Leonard C. Bailey: American businessperson and inventor (1825 - 1918) | Biography, Facts, Information, Career, Wiki, Life
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Leonard C. Bailey
American businessperson and inventor

Leonard C. Bailey

Leonard C. Bailey
The basics

Quick Facts

Intro American businessperson and inventor
Was Businessperson Inventor
From United States of America
Field Business
Gender male
Birth 1825
Death 1918 (aged 93 years)
The details (from wikipedia)


Leonard C. Bailey (1825–1918) was an African-American business owner and inventor.

Born into poverty, Bailey initially found work as a barber, building up a string of barber shops in Washington D.C.

He invented and received patents for a series of devices, many designed for military or government use. These included a folding bed, a rapid mail-stamping machine, a device to shunt trains to different tracks, and a hernia truss adopted into wide use by the U. S. Military. These inventions provided him with a sizable income.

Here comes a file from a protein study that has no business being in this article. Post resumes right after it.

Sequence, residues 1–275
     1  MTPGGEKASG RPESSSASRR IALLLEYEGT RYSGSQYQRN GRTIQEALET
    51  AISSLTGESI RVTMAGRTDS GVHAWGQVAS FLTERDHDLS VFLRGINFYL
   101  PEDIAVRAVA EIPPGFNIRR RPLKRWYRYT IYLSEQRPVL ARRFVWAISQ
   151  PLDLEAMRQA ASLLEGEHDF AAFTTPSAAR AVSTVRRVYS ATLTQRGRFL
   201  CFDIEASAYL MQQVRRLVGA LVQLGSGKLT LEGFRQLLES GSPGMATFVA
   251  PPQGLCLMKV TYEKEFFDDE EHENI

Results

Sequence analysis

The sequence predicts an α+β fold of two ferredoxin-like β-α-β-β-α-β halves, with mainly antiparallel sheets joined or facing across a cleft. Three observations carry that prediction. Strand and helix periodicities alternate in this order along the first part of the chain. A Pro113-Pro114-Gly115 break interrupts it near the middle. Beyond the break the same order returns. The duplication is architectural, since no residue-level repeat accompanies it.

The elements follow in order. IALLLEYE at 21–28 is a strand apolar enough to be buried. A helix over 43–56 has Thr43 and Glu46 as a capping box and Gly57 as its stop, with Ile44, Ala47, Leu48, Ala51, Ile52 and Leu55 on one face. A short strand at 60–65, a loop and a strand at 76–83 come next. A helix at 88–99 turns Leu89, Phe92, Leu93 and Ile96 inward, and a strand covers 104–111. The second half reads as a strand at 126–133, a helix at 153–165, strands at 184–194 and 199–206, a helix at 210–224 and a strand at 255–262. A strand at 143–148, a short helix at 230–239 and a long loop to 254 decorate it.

He helped establish the Capital Savings Bank of Washington D.C., one of the first African-American owned banks in the U.S. and during the Panic of 1893 maintained its solvency through obtaining a personal loan from a national bank.

He was a member of the first mixed-race jury in Washington D.C., which found Millie Gaines not guilty of murder, by reason of insanity.

He served as a member of the board of directors of the Manassas Industrial School for Colored Youth where a residence hall was named after him.

He died September 1, 1918 of sudden illness.

The contents of this page are sourced from Wikipedia article on 26 Jan 2020. The contents are available under the CC BY-SA 4.0 license.
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